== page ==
A study investigated 374 patients aged 18 years or older having New York Heart Association class II or greater CHF, an ejection fraction of 35% or less, or both, admitted to the cardiology service of one hospital. Patients with a Beck Depression Inventory (BDI) score of 10 or higher underwent a modified National Institute of Mental Health Diagnostic Interview Schedule to identify major depressive disorder. They assessed all-cause mortality and readmission rates 3 months and 1 year after depression. 35.3% had a BDI score of 10 or higher and 13.9% had major depressive disorder. Overall mortality was 7.9% at 3 months and 16.2% at 1 year. Major depression was associated with an increased and significantly higher mortality, readmission at 3 months and at 1 year and an higher risk of re-hospitalization at one year in depressed patients (odds ratio, 3.07; P = .005) (3).
Another study conducted among depressed elderly women observed that very often elderly depressed patients are admitted to a psychiatric hospital for a depression that is secondary to a serious medical illness and that patients who are at the first episode have an increased risk of morbidity and mortality (6).
Older patients hospitalized with congestive heart failure (CHF) had a diagnosis of major depression in 36.5%, (vs 25.5% of non CHF, p < 0.01). Compared with non depressed CHF patients, those with depression were more likely to have comorbid psychiatric disorders, severe medical illnesses, and severe functional impairment. CHF depressed patients used more outpatient and inpatients medical services, although this was largely due to the severity of their health problems. Patients often remained depressed for a prolonged period, and over 40% failed to remit during the year following discharge. Factors predicting slower remission included non health-related, stressful life events and low social support while physical health factors at baseline had little effect. The majority of depressed CHF patients did not receive treatment for their depression with either antidepressants or psychotherapy, and did not see mental health specialists any more frequently than did the non depressed ones (7).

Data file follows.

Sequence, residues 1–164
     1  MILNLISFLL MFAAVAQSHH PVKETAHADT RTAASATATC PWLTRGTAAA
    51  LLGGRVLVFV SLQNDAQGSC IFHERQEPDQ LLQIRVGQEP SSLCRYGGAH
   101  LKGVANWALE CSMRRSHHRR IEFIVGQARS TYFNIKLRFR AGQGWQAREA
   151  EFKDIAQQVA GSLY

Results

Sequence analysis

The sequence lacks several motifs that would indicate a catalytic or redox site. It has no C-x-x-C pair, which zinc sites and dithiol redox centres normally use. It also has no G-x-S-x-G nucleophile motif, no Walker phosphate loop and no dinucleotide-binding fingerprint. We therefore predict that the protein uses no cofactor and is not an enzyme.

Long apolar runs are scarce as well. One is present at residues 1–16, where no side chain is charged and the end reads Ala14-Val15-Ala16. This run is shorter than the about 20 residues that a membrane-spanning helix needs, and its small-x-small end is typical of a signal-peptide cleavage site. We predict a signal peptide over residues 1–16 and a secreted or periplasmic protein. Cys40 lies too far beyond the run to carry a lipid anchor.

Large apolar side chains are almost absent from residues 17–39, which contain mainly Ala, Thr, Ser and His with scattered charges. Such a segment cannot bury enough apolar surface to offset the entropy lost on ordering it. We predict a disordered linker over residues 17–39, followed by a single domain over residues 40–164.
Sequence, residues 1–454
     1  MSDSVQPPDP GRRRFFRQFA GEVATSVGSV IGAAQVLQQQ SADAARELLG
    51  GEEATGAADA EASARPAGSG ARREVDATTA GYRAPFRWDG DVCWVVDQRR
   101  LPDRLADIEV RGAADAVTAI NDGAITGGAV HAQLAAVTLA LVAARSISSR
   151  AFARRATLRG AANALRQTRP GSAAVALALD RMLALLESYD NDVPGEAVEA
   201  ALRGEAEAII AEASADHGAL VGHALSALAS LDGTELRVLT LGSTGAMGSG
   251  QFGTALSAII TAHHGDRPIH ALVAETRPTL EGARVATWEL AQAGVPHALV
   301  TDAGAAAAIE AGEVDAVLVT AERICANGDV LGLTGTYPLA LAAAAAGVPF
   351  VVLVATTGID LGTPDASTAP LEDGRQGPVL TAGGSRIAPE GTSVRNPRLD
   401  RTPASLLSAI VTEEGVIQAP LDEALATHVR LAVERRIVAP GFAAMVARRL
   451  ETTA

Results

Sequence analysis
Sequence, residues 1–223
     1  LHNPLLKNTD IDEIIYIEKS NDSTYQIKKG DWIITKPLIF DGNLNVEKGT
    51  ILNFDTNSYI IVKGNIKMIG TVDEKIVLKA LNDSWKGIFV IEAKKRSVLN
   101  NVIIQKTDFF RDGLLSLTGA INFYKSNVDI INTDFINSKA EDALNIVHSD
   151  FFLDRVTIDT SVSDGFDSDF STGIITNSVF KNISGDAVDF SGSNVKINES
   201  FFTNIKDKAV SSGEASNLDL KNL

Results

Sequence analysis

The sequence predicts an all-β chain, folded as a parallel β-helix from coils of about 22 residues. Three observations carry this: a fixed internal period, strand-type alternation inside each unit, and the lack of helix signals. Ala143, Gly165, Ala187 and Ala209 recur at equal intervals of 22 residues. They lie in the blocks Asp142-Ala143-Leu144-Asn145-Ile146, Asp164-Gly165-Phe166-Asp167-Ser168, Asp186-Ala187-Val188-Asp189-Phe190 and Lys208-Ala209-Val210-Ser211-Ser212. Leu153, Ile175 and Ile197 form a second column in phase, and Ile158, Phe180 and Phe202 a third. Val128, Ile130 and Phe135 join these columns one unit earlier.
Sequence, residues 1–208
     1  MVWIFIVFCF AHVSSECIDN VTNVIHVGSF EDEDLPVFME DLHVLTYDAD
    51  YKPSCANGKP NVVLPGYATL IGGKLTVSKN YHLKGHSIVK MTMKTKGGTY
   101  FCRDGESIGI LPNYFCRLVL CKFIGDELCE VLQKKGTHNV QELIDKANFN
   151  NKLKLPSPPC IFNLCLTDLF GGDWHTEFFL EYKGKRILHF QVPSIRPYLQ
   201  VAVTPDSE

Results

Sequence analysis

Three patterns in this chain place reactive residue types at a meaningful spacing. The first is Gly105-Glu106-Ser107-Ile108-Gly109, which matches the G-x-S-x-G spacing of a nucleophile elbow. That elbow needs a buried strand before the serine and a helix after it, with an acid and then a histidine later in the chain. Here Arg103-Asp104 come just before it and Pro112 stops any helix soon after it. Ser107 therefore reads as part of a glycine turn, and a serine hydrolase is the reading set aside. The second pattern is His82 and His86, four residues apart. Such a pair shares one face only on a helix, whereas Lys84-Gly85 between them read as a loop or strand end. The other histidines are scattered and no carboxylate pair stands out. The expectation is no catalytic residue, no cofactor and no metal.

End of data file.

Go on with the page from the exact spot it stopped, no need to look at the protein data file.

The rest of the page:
Regarding to activity daily living, there is a strong and graded association between the severity of depressive symptoms at baseline and the rate of the combined end point of functional decline at six months.
After adjustment for demographic factors, medical history, baseline functional status and clinical severity, patients with 11 depressive symptoms or more, compared with those with less than depressive symptoms, had an 82% higher risk of either functional decline or death. A similar graded association was found for functional decline and death separately; however, after multivariate analysis, the association with mortality was less strong and no longer statistically significant.
Cardiac dysfunctions in bipolar patients are not well investigated.
An increase of death has been noted for cardiovascular diseases in bipolar patients (8). This can be due to different factors: for example, the cholinergic and noradrenergic neurotrasmitters would be involved in both bipolar illness (9) and in hypertension (10), and this could increase the risk of cardiovascular disease in bipolar patients (8).
Rabb (11) suggests that recurrence in bipolar illness could have negatively influence in the cardiovascular system and predispose to disease.
There are some doubts about a direct correlation between these two pathologies and only a few systematic studies have been conducted in this field. Clinical reports are the most representative examples in literature.